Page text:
Tuesday, February 6, 2007

Encryption Techniques

This semester, I'm taking ISA 662, Intro to Information Security, and here are some of the encryption techniques we discuss in class.

Blind Signatures
Blind signatures are used in situations where an author wants to get his or her message signed by a third party without revealing any information about the message to this party. They have many uses including timestamping, anonymous access control, digital cash, and cryptographic election systems. Blind signature schemes were first introduced by David Chaum using RSA signatures.

Identity-based Encryption
Identity-based encryption is a key authentication system that uses a public and private keys pair. It is called identity-based encryption, because the public key is some unique information about the identity of the user, such as his or her email address, and the system requires a trusted third party called Private Key Generator or PKG to generate the private key for the user based on the user’s unique value or public key.

Threshold Cryptography
Threshold Cryptography enables a private RSA key to be shared among K individuals called shareholders that are engaged in encryption or decryption, such that any K-1 or K-2 of them can decrypt incoming messages without reconstructing the key. The objective of Threshold Cryptography is to implement a distributed architecture in a hostile environment. It can be implemented to redundantly split the message into n pieces such that with t or more pieces the original message can be recovered.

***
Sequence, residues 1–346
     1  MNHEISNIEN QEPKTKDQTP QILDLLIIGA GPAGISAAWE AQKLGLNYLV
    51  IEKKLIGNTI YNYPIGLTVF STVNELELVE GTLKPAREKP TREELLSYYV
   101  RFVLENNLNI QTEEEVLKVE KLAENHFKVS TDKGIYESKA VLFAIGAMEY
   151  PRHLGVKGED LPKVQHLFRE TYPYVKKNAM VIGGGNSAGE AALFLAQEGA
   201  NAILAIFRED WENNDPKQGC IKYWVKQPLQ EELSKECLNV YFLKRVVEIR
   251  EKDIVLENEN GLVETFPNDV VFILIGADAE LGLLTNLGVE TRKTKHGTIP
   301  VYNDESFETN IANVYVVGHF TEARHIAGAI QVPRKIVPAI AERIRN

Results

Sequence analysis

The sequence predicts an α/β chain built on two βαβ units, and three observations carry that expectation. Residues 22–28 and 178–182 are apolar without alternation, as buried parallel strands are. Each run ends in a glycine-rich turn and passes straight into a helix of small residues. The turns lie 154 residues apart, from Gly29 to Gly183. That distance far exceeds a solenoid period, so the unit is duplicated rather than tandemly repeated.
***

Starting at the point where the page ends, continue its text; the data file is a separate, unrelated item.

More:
Key Escrow
Key escrow is the arrangement where the user’s private key is generated and held in escrow by a trusted third party so that this key can be later used by a government agency to decrypt suspicious messages. Key escrow is used in identity-based encryption. The Private Key Generator or PKG generates and holds in escrow the private key it helps generate based on the user’s unique characteristic.

Side Channel Analysis
Side Channel Analysis helps assure the effectiveness of measures taken to protect cryptographic devices from leaking secret information. Attackers can take advantage of this secret information, which is gained from the physical implementation of a cryptosystem, rather than theoretical weaknesses in the encryption algorithms. This type of attack is known as side channel attack, which uses the extra source of information, such as timing information, power consumption, electromagnetic leaks or even sound to break the system.

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